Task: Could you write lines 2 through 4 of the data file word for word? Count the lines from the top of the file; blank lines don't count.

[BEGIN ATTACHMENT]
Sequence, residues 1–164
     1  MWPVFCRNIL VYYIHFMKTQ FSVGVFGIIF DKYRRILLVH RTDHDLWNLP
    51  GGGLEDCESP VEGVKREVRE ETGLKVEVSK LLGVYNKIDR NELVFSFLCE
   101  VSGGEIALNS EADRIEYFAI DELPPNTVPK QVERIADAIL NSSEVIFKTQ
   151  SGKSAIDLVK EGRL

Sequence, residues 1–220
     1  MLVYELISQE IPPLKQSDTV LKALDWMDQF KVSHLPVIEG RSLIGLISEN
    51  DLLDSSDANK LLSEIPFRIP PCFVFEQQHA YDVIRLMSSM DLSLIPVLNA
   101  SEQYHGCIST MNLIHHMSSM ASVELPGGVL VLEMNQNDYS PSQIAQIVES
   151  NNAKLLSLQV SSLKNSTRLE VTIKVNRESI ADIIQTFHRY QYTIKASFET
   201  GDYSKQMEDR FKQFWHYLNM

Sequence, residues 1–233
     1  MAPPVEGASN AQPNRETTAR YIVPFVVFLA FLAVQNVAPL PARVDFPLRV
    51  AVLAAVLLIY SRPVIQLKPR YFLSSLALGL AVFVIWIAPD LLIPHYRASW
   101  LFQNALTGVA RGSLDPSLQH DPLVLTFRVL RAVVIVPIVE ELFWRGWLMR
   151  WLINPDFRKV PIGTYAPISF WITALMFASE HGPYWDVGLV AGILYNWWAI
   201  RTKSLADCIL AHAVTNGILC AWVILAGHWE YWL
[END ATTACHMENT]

     1  MWPVFCRNIL VYYIHFMKTQ FSVGVFGIIF DKYRRILLVH RTDHDLWNLP
    51  GGGLEDCESP VEGVKREVRE ETGLKVEVSK LLGVYNKIDR NELVFSFLCE
   101  VSGGEIALNS EADRIEYFAI DELPPNTVPK QVERIADAIL NSSEVIFKTQ